Dan Treado’s black and white prizefighters.
I’m a huge boxing fan (as well as being addicted to black and white photography), so when I saw Dan Treado‘s terrific series of portraits of prizefighters, I had to contact him and highlight the work on photoweenie.com.
Dan sent me a bit of background on the series:
In 1987, the project was a simple one; I wanted to construct a unique catalog of all of my friends. I was a 23 year old artist, a painter, and I had a studio that was located above an art and music venue called DC Space, in Washington DC. I was involved in the music scene, and a number of my friends were musicians in bands that were a vital part of the punk rock climate then. I was eager to document my close relationships at the time, and my friends became willing collaborators.
I had been experimenting in the studio with large scale painted landscapes that relied on sources such as 19th century notions of the sublime (Albert Bierstadt, Frederick Church) as well as fast and loose imagery from carnival and circus backdrops. These attempts of mine weren’t very successful as finished paintings, but they became useful as backdrops for the prizefighter portraits which were to come. One friend of mine was a Golden Gloves boxer and I would visit him at the gym regularly; another friends’ uncle was a boxer decades before, and I poured over the scrapbook that chronicled his short career; at the D.C. Armory that summer, I watched the middleweight champ Simon Brown mop the floor with his unlucky opponents. I was hooked.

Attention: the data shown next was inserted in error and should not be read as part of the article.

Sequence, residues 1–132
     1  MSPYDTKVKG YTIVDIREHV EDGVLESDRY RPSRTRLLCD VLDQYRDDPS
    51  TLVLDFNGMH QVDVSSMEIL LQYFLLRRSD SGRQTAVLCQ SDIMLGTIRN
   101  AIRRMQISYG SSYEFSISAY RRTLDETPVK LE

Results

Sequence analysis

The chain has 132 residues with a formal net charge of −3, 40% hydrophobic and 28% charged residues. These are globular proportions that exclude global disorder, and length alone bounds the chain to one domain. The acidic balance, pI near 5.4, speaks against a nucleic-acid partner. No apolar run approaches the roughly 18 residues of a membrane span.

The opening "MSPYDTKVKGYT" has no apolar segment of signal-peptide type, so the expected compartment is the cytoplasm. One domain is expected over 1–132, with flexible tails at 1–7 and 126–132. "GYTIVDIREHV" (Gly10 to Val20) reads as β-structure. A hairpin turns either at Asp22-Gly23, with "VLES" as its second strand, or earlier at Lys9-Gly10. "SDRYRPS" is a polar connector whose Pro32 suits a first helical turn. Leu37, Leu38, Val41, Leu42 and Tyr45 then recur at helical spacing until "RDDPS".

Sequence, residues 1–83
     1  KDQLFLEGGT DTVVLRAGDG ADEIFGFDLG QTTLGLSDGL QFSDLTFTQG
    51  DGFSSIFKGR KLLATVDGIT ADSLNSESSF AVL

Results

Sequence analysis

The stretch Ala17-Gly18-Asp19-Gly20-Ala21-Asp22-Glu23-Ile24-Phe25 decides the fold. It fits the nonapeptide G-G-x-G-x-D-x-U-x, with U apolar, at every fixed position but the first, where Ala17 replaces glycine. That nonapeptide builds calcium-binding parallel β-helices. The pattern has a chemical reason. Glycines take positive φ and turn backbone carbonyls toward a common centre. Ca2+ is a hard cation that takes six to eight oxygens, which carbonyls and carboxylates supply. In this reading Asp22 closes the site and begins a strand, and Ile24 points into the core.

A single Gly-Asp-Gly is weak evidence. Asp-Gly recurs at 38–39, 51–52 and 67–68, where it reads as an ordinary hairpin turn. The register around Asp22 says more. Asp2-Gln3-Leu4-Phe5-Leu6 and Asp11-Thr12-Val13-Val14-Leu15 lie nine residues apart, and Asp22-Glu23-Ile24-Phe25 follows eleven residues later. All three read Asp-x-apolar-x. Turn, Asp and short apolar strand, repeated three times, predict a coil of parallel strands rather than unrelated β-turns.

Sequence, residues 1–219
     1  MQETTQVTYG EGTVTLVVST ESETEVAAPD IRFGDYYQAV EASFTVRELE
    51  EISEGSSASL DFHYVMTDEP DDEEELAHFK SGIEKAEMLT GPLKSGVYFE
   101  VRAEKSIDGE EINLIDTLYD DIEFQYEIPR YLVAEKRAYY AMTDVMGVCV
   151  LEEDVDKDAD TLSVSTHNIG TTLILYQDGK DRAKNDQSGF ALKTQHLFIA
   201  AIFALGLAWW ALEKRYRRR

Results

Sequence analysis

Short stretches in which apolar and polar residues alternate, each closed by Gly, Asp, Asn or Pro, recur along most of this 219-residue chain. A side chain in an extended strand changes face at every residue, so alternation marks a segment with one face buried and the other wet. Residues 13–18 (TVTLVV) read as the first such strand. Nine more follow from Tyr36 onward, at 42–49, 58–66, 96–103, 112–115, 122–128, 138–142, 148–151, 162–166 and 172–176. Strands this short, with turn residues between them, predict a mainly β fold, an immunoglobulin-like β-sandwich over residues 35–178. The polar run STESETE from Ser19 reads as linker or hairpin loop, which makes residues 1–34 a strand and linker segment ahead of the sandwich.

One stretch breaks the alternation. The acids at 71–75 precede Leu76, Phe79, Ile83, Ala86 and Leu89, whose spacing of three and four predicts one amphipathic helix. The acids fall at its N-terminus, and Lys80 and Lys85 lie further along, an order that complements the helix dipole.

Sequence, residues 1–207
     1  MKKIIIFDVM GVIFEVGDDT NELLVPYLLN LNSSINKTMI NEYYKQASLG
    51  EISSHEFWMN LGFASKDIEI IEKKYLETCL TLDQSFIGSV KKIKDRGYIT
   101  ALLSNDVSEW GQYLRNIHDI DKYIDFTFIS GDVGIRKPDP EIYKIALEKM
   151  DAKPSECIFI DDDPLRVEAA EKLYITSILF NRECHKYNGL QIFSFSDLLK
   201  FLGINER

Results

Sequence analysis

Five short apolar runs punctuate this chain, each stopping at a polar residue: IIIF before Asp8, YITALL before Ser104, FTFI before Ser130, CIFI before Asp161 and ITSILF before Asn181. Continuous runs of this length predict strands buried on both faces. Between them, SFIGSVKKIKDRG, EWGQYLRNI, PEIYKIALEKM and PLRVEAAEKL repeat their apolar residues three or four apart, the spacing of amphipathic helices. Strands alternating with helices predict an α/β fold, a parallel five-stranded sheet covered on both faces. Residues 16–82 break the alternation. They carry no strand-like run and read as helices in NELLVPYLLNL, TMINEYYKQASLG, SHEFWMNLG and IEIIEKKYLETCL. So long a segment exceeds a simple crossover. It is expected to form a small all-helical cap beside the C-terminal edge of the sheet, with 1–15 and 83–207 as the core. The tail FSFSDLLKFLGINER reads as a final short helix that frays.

Most of my friends were unconvincing as athletes, but the prizefighter gear and my tentative coaching usually resulted in postures of awkward vulnerability that I find compelling still. I’ve only shown these pictures as a group, and so, many years later, they function as the discrete catalog that I was after — a record of a unique period of our lives when we were all connected by a unique trajectory described by the arc of youth, an arc that was marked by episodes of manic energy, tribal loyalty, and fierce love for one another.
You can see more of Dan’s work here.